In what is considered a strange discovery, astronomers have detected a radio signal coming from another galaxy, which happens to be about 3 billion light-years away from Earth. However, this is not the first time such a thing has happened. Once earlier, scientists discovered such a frequent signal. The results were published in the scientific journal Nature. Researchers have discovered a new fast radio burst (FRB), dubbed FRB 20190520B. According to the researchers, the signal was “co-location with a compressed, continuous radio source and associated with a dwarf host galaxy of highly specific star formation.” Discovered using the Five Hundred Meter Aperture Spherical Radio Telescope (FAST) in Guizhou, China, in May 2019.
According to several observations, the emitted object was responsible for sending smaller radio bursts between the FRBs.
“The FRB field is moving very rapidly at the moment and new discoveries are being made monthly. However, big questions remain, and this organism is giving us difficult clues about those questions,” study co-author Sarah Burke Spullor said in an official statement. “These properties make this property very similar to the first FRB that was located — also by the VLA — back in 2016.” Casey Law, of the California Institute of Technology and one of the study’s co-authors said in a statement to the National Science Foundation. It is called FRB 121102 and the characteristics are similar to FRB20190520B. “Now we actually need to explain this double puzzle and why FRBs and persistent radio sources are sometimes found together,” she told CNN.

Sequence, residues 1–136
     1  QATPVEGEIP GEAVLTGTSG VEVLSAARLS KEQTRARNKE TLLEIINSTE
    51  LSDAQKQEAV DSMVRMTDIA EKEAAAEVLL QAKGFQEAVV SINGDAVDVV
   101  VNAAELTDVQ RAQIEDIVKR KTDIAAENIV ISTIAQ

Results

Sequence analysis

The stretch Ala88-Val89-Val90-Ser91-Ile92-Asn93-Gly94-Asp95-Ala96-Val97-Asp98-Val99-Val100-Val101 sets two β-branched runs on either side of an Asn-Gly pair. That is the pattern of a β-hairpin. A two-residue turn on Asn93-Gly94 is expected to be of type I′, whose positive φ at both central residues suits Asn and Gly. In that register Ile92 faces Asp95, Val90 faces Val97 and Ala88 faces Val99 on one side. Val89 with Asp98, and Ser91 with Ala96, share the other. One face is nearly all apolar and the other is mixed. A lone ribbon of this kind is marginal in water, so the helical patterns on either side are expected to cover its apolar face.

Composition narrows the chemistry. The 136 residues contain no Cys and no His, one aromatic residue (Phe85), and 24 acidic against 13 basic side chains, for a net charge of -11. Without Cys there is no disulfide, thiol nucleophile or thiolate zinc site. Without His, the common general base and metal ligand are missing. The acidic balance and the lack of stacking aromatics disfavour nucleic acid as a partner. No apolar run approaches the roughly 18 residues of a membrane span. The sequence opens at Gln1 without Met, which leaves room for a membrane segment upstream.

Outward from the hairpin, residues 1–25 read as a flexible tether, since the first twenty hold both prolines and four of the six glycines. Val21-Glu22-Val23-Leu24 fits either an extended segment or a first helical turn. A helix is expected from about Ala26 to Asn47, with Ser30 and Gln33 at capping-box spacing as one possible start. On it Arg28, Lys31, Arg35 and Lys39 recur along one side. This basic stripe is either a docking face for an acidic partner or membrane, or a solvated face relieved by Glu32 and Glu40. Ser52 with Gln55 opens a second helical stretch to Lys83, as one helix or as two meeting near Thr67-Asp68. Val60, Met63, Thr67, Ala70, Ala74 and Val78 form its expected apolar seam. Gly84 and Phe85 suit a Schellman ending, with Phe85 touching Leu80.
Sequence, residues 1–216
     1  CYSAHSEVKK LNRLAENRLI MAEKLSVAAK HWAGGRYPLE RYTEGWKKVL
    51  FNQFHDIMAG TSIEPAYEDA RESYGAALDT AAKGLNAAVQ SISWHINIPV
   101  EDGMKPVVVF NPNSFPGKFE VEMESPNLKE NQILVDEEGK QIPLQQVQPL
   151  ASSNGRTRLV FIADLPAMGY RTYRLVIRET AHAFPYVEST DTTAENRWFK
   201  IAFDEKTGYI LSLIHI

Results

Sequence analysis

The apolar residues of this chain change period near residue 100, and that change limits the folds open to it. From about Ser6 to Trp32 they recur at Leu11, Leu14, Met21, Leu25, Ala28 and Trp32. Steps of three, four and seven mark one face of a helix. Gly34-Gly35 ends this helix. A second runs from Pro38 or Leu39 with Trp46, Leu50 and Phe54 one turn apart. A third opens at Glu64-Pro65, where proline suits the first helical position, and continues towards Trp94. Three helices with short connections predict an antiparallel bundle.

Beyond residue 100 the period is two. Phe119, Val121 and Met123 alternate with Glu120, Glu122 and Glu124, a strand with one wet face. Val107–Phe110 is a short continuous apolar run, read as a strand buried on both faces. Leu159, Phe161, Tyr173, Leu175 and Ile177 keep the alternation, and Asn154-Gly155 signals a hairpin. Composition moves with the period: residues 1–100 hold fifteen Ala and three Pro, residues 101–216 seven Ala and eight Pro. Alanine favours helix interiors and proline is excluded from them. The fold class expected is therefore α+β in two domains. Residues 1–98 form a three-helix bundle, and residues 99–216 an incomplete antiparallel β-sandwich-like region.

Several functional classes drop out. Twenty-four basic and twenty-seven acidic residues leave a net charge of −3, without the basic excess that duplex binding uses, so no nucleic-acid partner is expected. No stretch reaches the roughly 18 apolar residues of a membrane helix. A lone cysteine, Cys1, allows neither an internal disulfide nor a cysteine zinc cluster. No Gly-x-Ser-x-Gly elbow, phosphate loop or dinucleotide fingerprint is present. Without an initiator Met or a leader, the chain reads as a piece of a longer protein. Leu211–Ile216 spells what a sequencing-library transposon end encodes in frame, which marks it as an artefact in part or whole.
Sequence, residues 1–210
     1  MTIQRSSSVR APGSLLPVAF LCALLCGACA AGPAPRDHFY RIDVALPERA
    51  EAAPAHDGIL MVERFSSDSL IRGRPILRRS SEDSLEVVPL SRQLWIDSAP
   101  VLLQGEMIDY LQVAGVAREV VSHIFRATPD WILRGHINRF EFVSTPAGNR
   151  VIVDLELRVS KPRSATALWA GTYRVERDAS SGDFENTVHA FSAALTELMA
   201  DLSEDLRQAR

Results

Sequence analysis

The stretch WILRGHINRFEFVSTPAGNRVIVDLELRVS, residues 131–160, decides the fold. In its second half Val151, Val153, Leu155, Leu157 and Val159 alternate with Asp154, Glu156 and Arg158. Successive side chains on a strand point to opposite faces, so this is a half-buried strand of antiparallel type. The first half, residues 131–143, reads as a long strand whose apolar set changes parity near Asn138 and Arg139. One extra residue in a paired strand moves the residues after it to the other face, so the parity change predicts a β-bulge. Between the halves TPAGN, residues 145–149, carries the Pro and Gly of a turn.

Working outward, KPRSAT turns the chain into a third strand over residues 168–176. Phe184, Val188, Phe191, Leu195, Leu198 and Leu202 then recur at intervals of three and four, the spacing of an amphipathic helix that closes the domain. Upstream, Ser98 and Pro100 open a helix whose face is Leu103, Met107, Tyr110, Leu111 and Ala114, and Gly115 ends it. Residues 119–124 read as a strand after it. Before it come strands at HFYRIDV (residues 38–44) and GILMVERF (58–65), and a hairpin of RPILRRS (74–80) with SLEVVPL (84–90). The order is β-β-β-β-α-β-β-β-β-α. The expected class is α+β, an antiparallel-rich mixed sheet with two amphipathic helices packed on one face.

The researchers theorized that FRB 190520 may be “newborn,” meaning that it is “still surrounded by dense material from the supernova explosion that left the neutron star.” The theory states that once the matter dissipates, the impulse signals will also decrease. However, the researchers cautioned that some questions remain unanswered.
Meanwhile, in another space-based discovery, NASA’s Hubble Telescope has captured the largest near-infrared image ever. The image covers a large area. According to the researchers, it can help to understand the star-forming regions of the universe and very distant galaxies. The image is named 3D-DASH, and it contains many stars and many other celestial bodies. In a statement from the University of Toronto, Lamia Mulla, lead author on the paper, said that since the Hubble Space Telescope was launched more than 30 years ago, it has led to a “renaissance in the study” of how galaxies have changed in the last 10 billion years of the universe’s life.
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